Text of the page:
Tuna battles erupt as the French ‘go for’ the most valuable protected fish.

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Tuna battles erupt as the French ‘go for’ the most valuable protected fish.

As the French ‘go for’ the most valuable protected fish, tuna fights occur.

After a French boat was accused of breaching the law by catching a ton of the world’s most valuable fish, fishing clashes have erupted once more off the coast of Jersey.

Bluefin tuna is classified as “endangered” by the International Union for Conservation of Nature, with a value of £10,000 per ton. It is protected under Channel Islands wildlife legislation, however fishing for it is not restricted in France. A Jersey government official said, “We are aware of claims that a commercial fishing vessel may have caught, or had on board, bluefin tuna while in Jersey seas.”

“If this is true, it would be a breach of wildlife laws, as well as possible license conditions.”

The boat was reportedly discovered by marine tracking software while passing through Jersey and Guernsey’s territorial waters.

Don Thompson, president of the Jersey Fishermen’s Association, said, “I am almost certain they were targeting tuna – there aren’t many other species of fish at this time of year.” “What irritates me the most is that these are boats that operate on free licenses issued by Jersey,” he stated. We haven’t been successful in catching or pursuing any of these fish.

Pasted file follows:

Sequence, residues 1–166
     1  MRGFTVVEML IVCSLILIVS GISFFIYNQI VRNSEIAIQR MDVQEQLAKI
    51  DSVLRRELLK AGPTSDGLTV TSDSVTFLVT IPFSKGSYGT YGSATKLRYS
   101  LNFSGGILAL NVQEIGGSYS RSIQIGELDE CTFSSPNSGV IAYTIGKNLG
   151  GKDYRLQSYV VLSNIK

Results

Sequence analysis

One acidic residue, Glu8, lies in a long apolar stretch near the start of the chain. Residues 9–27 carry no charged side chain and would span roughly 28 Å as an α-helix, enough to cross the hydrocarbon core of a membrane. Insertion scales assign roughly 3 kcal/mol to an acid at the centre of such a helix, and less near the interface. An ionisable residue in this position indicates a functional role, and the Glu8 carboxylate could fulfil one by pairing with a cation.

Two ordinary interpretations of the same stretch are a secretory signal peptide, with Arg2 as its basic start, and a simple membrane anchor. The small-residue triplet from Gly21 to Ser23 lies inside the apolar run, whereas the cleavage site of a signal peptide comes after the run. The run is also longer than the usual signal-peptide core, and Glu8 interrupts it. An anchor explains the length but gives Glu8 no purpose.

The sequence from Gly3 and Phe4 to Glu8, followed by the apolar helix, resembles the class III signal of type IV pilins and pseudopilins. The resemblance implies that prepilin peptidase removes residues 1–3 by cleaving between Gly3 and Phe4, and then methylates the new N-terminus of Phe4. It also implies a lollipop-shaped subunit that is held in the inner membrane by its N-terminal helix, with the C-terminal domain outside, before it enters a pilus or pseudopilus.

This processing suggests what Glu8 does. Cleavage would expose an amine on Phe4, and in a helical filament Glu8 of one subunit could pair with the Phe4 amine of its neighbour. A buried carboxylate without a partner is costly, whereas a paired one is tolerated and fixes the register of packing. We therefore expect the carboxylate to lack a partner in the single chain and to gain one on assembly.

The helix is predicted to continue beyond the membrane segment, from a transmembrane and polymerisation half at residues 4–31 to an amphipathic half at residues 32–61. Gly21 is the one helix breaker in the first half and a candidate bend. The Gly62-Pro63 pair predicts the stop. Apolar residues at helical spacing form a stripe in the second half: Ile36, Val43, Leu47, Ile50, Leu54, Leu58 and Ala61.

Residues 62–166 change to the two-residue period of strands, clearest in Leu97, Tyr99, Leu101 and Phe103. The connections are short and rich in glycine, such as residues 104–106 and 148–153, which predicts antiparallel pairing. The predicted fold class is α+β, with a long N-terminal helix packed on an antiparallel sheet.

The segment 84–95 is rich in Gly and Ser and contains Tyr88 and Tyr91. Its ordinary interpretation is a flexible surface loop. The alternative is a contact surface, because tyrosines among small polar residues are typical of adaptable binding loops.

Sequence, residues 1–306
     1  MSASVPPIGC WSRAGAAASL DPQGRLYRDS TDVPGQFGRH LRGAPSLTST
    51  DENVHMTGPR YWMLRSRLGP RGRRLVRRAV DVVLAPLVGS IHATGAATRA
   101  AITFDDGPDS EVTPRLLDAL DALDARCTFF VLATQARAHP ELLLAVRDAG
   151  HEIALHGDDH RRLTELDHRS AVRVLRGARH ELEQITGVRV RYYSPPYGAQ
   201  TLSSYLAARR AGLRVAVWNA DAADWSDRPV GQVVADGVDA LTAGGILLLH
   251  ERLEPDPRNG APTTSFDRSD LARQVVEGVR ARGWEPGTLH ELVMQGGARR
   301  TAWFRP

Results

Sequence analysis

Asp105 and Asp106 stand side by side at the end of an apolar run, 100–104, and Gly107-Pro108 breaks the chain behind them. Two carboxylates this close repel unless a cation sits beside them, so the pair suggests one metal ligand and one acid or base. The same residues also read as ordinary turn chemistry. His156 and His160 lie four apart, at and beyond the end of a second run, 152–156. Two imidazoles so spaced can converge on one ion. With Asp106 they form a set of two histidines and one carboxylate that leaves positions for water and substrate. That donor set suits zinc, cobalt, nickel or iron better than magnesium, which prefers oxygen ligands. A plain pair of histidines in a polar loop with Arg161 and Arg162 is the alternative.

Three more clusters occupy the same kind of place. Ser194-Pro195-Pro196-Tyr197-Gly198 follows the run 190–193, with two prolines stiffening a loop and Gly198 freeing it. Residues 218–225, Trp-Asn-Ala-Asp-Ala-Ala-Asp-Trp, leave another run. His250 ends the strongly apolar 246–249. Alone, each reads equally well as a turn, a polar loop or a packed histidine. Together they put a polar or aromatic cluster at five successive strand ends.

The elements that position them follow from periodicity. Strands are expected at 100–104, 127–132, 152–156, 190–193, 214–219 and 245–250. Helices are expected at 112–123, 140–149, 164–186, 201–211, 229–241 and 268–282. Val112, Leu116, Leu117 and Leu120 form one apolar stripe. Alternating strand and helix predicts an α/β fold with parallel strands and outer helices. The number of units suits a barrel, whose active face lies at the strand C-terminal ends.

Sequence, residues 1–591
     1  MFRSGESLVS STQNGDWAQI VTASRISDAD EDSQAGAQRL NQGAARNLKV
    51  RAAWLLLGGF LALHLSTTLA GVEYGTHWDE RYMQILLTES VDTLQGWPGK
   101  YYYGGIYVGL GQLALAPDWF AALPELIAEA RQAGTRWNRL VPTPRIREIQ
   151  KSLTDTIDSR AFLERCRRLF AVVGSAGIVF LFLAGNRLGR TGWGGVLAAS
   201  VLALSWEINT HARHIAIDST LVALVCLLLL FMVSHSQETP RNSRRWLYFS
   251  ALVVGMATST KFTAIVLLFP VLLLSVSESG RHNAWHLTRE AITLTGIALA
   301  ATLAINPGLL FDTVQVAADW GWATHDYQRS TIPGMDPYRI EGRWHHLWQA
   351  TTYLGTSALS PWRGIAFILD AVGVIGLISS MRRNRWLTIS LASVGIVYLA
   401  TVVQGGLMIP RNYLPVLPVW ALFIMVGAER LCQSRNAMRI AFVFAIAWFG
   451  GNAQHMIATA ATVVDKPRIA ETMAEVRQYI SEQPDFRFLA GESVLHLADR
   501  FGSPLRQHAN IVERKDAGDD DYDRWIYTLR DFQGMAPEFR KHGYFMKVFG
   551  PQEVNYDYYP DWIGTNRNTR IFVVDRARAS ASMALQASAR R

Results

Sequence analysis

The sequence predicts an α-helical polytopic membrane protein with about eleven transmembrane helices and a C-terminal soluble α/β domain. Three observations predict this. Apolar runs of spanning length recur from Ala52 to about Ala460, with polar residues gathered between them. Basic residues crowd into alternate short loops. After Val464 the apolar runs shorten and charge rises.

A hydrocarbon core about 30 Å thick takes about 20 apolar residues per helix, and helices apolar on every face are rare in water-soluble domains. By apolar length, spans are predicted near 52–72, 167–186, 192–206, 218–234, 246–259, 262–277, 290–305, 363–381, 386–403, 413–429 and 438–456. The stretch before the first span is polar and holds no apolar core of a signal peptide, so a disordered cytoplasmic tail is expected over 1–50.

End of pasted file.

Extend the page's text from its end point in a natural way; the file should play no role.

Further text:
“They’re getting the licenses so they can do something they can’t do in our waters,” says the source.

Don chastised a “catch and release” operation intended to estimate the number of animals in the area.

The quota allotted to the appointed fisherman, he claimed, was insufficient.

He went on to explain that the French fish could help to provide a more accurate picture of the species’ numbers.

Commercial and recreational vessels are not allowed to take or pursue bluefin tuna in EU waters unless they obtain permission from a member state.

It must be released alive and unharmed if caught because it is a prohibited species for UK fishing boats.

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